Gmail from console

Many Linux users are more productive when they work from the terminal. But there’s no denying that many of them use web based services like email regularly for communication. Gmail is undoubtedly the most popular email service available today. We were looking for ways to access Gmail from the console. There’s Mutt, which is a fantastic email client, but how about some other options which programmers may like, especially the vim lovers?


It’s as simple as it gets – a vim like interface to Gmail written in Ruby.


  • Contact auto-completion
  • Starring, deleting, archiving, marking spam, marking read/unread
  • Compose messages and print
  • Checking for new messages, INBOX polling
  • Switching mailboxes, moving messages, copying messages to another mailbox
  • Limited attachment handling support
  • Opening hyperlinks and HTML parts in your web browser
  • Search queries
  • Use with MacVim or gvim
  • Customize colours
  • Secured password tranasfer using TLS encryption


Vmail needs vim (v7.3 and above) and Ruby (v1.9.2 and above). It also needs a text-mode bowser like w3m or elinks to view HTML parts. we will use elinks.

Run the following commands on Ubuntu:

$ sudo apt-get install vim ruby gem libsqlite3-dev sqlite3 elinks
$ sudo gem install vmail

Before you start Vmail for the first time, make sure that you have enabled IMAP in Gmail. Add the following to your .bash_profile for using elinks:

export VMAIL_HTML_PART_READER='elinks -dump'

The Vmail configuration file is ~/.vmailrc and the contents should be something like:

password: password
name: Neo
signature: |
  Sent from TuxDiary.


Start Vmail

$ vmail

Check only a label

$ vmail important_label

Search a label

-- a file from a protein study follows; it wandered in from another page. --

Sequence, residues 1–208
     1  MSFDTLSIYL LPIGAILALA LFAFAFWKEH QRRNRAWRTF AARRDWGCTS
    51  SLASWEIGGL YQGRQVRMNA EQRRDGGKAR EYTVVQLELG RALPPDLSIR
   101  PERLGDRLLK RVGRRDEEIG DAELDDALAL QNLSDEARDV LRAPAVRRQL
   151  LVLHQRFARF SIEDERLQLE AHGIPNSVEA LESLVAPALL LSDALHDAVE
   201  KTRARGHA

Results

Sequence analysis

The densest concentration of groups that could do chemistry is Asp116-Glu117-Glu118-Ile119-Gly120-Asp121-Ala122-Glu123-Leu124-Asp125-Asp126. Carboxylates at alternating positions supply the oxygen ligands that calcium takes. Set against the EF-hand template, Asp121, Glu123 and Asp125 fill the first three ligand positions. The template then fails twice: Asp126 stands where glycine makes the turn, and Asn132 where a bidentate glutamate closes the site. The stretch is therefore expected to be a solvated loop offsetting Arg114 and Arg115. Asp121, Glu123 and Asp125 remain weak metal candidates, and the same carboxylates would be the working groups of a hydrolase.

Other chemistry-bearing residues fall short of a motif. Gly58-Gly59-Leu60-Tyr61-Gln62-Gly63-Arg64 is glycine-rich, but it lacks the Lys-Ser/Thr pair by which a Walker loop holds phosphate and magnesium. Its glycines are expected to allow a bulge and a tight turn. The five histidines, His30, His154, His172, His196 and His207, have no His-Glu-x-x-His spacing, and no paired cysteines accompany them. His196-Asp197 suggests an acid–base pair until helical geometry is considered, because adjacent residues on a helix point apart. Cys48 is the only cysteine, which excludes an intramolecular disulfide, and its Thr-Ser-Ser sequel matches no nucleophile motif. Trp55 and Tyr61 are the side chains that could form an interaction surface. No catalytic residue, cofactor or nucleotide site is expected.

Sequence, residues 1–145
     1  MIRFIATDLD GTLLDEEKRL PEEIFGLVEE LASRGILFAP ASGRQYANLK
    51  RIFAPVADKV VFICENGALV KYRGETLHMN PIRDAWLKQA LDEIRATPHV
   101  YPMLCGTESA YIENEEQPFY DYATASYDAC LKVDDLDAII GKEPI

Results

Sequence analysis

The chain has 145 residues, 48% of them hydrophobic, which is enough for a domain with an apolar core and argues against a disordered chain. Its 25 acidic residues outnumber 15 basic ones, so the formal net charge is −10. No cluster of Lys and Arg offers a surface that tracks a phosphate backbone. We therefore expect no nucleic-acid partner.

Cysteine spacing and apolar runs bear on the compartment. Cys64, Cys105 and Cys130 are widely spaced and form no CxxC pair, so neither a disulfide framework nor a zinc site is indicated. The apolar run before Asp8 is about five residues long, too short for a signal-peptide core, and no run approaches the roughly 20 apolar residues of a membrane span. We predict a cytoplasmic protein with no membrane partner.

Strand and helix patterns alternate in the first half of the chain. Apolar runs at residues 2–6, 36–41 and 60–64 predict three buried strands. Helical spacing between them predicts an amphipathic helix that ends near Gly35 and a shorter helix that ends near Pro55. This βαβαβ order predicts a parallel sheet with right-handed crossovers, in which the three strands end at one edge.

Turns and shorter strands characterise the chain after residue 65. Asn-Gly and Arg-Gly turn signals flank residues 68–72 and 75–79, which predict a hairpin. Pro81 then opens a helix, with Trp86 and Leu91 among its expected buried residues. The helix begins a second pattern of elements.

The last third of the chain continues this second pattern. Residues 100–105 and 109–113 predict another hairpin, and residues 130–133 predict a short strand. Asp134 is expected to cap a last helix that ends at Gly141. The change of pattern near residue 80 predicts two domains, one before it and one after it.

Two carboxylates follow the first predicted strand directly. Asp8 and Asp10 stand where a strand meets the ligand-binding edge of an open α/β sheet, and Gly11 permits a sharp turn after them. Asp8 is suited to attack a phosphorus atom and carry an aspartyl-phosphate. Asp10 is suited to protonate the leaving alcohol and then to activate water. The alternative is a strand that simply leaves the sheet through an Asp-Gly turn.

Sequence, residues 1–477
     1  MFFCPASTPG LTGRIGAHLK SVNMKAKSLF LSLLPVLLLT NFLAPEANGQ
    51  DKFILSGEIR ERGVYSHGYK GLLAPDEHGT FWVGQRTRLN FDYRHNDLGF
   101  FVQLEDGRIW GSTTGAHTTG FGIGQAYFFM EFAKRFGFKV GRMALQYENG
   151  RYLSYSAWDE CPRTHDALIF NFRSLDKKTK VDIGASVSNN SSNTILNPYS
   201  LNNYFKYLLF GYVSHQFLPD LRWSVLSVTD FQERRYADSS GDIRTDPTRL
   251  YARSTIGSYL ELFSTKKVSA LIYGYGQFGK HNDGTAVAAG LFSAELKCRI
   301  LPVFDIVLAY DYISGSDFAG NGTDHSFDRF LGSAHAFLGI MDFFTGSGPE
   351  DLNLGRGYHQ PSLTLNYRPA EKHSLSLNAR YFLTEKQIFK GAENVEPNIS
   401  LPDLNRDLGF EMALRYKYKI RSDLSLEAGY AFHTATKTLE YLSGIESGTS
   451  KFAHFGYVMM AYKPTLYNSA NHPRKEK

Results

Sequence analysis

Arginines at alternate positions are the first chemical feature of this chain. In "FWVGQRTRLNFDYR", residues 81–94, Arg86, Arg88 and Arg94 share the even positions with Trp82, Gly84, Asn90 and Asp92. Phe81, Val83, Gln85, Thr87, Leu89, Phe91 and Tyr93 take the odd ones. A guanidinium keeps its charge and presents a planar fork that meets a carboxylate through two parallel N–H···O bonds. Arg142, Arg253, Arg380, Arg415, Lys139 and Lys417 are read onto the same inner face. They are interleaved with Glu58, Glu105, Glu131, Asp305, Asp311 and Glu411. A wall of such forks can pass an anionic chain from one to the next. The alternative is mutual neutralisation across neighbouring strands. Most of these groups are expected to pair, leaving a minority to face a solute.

$ vmail important_label to


Unlike Vmail, gmail.vim is not an application, it is a plugin for the vim editor to view Gmail within the editor. This tool also needs IMAP to be enabled in Gmail. One advantage of gvim.vim is it supports Two Factor Authentication.


To install on Ubuntu:

$ wget
$ chmod +x
$ ./

Add the following to your ~/.vimrc:

"NeoBundle Scripts----------------------------- 
if has('vim_starting')
 if &compatible
 set nocompatible " Be iMproved

 " Required:
 set runtimepath+=/home/neo/.vim/bundle/neobundle.vim/

" Required:
call neobundle#begin(expand('/home/neo/.vim/bundle'))

" Let NeoBundle manage NeoBundle
" Required:
NeoBundleFetch 'Shougo/neobundle.vim'

" Add or remove your Bundles here:
NeoBundle 'yuratomo/gmail.vim'

NeoBundle 'Shougo/vimproc.vim', {
\ 'build' : {
\ 'windows' : 'tools\\update-dll-mingw',
\ 'cygwin' : 'make -f make_cygwin.mak',
\ 'mac' : 'make -f make_mac.mak',
\ 'linux' : 'make',
\ 'unix' : 'gmake',
\ },
\ }

" Required:
call neobundle#end()

" Required:
filetype plugin indent on

" If there are uninstalled bundles found on startup,
" this will conveniently prompt you to install them.
"End NeoBundle Scripts-------------------------

let g:gmail_user_name = ''


  1. Replace /home/neo with your home directory absolute path in ~/.vimrc
  2. The plugin asks for the password when you fire it. Avoid adding it to plaintext for security


To check your mails, run the following in vim command mode:


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